There are many things about my writing career that I can't control, namely who buys my books, meaning both publishers and then how many people buy them after they come out. I can only write the very best book I can, promote it in the ways I know how, and hope for the best. I can't base my happiness on this. So I needed to be proactive and do the things I knew would make me happy. That thing was moving to Seattle and starting fresh in a city that I love.
It was absolutely petrifying because it meant relinquishing a lot of control, which I wrote about in part two of my series on making the move for Ms. Fit Magazine here. I came out here without a job aside from the work I do for Rookie and Ms. Fit and an online teaching gig, which all together would pay maybe a month's worth of bills. I had savings and a credit card with a high limit. I have a very supportive mother. I had to trust that this would be enough and that finding my own happiness would be worth the gamble.
My friend Marcel wrote his Instructions for Life on a paper towel and after his death, another friend had them printed on paper towels for a bunch of us. I keep mine in a shadow box above my desk. This is his first instruction:
"Take into account that great love and great achievements involve great risk." My friend, the one who had the paper towels printed for us, reminded me of this before I set off. I insisted that the shadow box with the paper towel accompany us in the car, that it be the first thing in my new home because I believed that knowing me as well as he did, Marcel would know that for me, a person who has struggled with depression for most of her life, a greater achievement than publishing a book would be learning how to make myself happy. In fact, I'm sure if I'd been able to call or write him during my struggles in the past four years, he would have said something like that. I know that he would have been proud that I finally figured it out on my own.
My third piece for Ms. Fit, which I hope will be published soon, was written a month after we arrived in Seattle. When I was mostly happy because,um, well, I live in a place where I regularly see views like these:
But I was also freaked because I still hadn't found a job and/or sold a book, which I thought would click right into place if this whole moving thing was meant to be.
It'll be worth it.
You can do it.
Job hunting is a slow process, especially in this economy. But much like when my husband and I found the right apartment, when I found the right job, everything sped up and it happened fast. I started last Tuesday as the administrative assistant in the English Department of a local university, one that is only a 15 minute bus ride or a a half an hour walk from my house. It's a gorgeous campus in one of my favorite parts of the city. Yes, it's office work. Yes it's full-time. Yes, this is a huge change from the past four years or so of my life. But it is an English Department and the people I've met so far are inspiring and amazing. For the first time in a long time, I feel stable, secure, hopeful, happy.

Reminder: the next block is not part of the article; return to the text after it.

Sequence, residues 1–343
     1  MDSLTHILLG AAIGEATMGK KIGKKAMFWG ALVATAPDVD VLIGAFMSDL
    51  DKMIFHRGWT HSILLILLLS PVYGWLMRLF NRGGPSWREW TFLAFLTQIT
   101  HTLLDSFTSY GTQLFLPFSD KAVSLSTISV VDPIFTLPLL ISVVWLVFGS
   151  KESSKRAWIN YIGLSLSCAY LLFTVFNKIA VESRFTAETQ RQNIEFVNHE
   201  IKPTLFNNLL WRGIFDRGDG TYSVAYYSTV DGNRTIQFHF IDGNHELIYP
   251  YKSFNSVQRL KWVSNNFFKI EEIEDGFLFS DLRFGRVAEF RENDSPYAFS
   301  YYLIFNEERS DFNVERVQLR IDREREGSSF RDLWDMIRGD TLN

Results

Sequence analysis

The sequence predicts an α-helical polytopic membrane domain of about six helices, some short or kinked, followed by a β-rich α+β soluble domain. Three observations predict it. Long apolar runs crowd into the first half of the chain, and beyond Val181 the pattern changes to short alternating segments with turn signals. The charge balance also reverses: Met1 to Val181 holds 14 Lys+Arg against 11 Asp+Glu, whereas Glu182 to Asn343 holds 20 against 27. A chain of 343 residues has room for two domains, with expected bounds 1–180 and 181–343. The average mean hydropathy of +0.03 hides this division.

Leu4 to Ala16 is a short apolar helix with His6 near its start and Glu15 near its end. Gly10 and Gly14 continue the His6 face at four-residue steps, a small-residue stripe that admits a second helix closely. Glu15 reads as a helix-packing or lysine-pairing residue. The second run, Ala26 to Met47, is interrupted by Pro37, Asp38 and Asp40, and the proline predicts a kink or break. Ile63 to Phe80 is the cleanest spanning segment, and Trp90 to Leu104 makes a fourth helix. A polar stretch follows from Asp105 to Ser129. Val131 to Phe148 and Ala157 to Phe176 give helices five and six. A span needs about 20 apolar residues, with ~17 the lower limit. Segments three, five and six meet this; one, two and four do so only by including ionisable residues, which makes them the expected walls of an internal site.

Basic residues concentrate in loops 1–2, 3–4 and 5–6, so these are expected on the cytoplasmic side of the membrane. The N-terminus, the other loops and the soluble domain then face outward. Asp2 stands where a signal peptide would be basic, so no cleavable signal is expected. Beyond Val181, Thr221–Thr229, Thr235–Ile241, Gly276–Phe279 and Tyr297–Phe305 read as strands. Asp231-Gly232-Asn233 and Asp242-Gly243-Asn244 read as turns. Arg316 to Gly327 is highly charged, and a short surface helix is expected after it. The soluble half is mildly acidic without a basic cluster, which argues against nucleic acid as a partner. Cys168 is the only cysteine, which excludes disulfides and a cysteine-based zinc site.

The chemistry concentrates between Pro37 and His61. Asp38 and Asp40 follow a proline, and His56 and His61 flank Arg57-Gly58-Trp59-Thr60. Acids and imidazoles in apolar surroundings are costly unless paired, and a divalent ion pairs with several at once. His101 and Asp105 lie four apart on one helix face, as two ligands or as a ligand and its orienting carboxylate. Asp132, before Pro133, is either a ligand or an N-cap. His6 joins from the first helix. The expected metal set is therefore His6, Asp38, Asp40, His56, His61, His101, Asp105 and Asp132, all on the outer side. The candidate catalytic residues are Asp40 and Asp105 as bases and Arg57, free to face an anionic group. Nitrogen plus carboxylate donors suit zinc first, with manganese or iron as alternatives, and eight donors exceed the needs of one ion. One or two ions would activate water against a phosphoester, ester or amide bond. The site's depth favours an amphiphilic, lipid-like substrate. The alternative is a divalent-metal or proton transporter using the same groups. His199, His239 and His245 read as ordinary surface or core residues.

I know there will still be challenges, the biggest being how to fit writing into my life. I know for sure that I will keep writing for Rookie because that is writing that has brought me nothing but joy for the past two years. I've always written fiction, but I've been writing essays and rants and zines since high school and I take just as much pleasure from that. Also, the Rookie staff has become my best support network. Even though it is an online publication and we work from all over the world, we take good care of each other. It really is one of the best parts of my life.
Of the two projects I mentioned in my last blog, I'll probably focus on the essay collection/zine thing because Rookie has given me the most joy as of late and because it will be the easiest to piece together while I'm learning to juggle writing and a full-time job. However, The Grief Book is the best thing I've written. It's better than Ballads. It's what I survived my teens and twenties and early thirties to write. I believe in it with all of my heart and soul. I'm finally ready to set free all of the old guilt and pain and stress I've felt about my writing career for the past four years and I hope that will unlock the universe somehow and the right editor will read it and want it and you all will get to read it soon. That would definitely take my happiness to the next level, but right now I'm just happy being here, in my heart city with the love of my life, the support of incredible friends all over the place, and knowing that I've done some damn fine work for the coolest magazine on the planet and I've written books both published and unpublished that I'm very proud of.